The Fiat Punto Memorial Award for the Book Hurled into the Back of the Car with most Vehemence goes to The Twelfth Card by Jeffery Deaver. Now generally I like Jeffery Deaver's books but this was an audio book, so was listened to mostly in the car (sadly not the Fiat Punto which died a horrible and expensive death this year, to be replaced by a smart VW Golf who's backseat has not yet had a book hurled at it). It seemed to go on for ever (that's the audiobook, not the car), and became very tedious with it's innumerable plot twists. That bit Deaver does in all his Lincoln Rhyme books where he sums up the clues they have on their board - let me tell you that gets very old very quickly when you've listened to it 6 or 7 times. So this audio book very nearly was actually hurled into the backseat on several occasions and it was only the fact that it was a library book that stopped me.

Sadly there is no winner this year for the I Can't Believe I Paid Good Money for That Award. Looking back over the list of books I read, there were very few on the list that I actually paid for - and those that I did buy I enjoyed. That's not to say that I didn't buy any books this year - of course I bought books, I just haven't read many of them yet. I expect there will be a few candidates for next year's award among my TBR pile.

Honorable Mentions need to go to the following books which I loved -

The Language of Bees by Laurie R King, latest in the wonderful Mary Russell series.

Sweetsmoke by David Fuller which was the first book I read in 2010 and was a fantastic read

Saints of New York by RJ Ellory which is the first of his I've actually read, despite having several of his earlier books. It's an interesting study of a cop in meltdown.

Rome by Manda Scott, taking the characters from the end of her amazing Boudica series and moving them on in time and place. I loved it and am eagerly awaiting the next installment which is not out until May.

There are some more great books to look forward to this year, with Moonlight Mile by Dennis Lehane at the start of February - he returns to his roots with this one which features Patrick Kenzie and Angie Gennaro, some 12 or so years after Gone Baby Gone. I got a proof of this and it's definitely been worth the wait. Most exciting for me is the news of a new James Sallis book in August. Roll on Summer.

Tuesday, January 11, 2011

Spinning with Corn Fibre

Every year at my spinning group we have a competition which is judged by the group and a prize awarded at the annual party. Previous competitions have been for making a peg doll, a Christmas decoration, woven squares etc. This year, as we are celebrating our 25th anniversary we came up with something a bit different. Everyone donated 50g of fibre of some kind which we drew at random and we must each make something with this fibre, in time for our 25th Birthday Party in mid-february.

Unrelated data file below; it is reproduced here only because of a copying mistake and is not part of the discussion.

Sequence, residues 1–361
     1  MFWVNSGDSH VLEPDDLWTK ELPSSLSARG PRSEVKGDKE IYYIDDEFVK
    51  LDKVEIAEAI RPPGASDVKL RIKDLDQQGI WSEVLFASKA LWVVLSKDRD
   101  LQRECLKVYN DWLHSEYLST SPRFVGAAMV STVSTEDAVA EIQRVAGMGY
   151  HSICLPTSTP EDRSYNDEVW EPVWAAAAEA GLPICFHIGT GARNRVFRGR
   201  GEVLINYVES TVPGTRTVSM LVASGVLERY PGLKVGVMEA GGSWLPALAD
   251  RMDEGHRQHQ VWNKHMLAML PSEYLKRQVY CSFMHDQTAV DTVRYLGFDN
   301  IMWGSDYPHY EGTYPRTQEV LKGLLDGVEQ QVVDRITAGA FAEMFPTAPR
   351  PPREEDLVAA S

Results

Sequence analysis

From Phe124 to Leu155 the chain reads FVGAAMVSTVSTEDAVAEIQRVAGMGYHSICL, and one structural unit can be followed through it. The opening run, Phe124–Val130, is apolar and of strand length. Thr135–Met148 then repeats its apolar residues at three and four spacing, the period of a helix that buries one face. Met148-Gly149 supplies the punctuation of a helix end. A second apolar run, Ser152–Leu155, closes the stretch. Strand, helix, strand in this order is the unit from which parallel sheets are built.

I drew a bag of corn fibre. It is not something I've ever spun before but that's all part of the fun, isn't it? Isn't it? I tried to do a bit of research about how to spin this, but there was nothing very helpful out there. It's odd stuff - very white and lustrous and the fibres are very fine. I'm not sure it has a natural staple length (see below for how it gets made) but the staples in the stuff I got are about 2-3 inches. Corn fibre, in case you're not aware, sounds like it should be one of those great natural fibres like linen or flax, but the process by which it's extracted from the plant involves quite a lot of chemicals. Basically the fibre is dissolved into a gloopy substance by means of various chemicals and then is it slowly extruded into long, fine fibres. It doesn't take dye well, so I've not attempted that. It was a complete pig to spin - too much twist and the fibre snaps, too little and it just drifts apart in your hand. It has none of the crimp of wool , so it's slippery and I kept letting the strands slip through my fingers and losing them. If I didn't pay attention the fibres clumped together and I got lumps. God knows how - at other times it would barely hold together. So now I have just over 200m of this bright white shiny yarn, with a few lumpy bits in it. It's not terribly well spun - I just wanted to get it done as quickly as possible, it's such an alien substance, and I really wasn't enjoying the experience.

You'll have to wait and see the end results, which won't be revealed until after the party on Feb 12th. I'm not sure that it's going to resemble what I have planned in my head - we'll have to see.

Anyway you'll all be pleased to hear that the voting for the Mysteriousyarns Book Awards is now closed and the votes are being counted and verified. Results soon, I promise.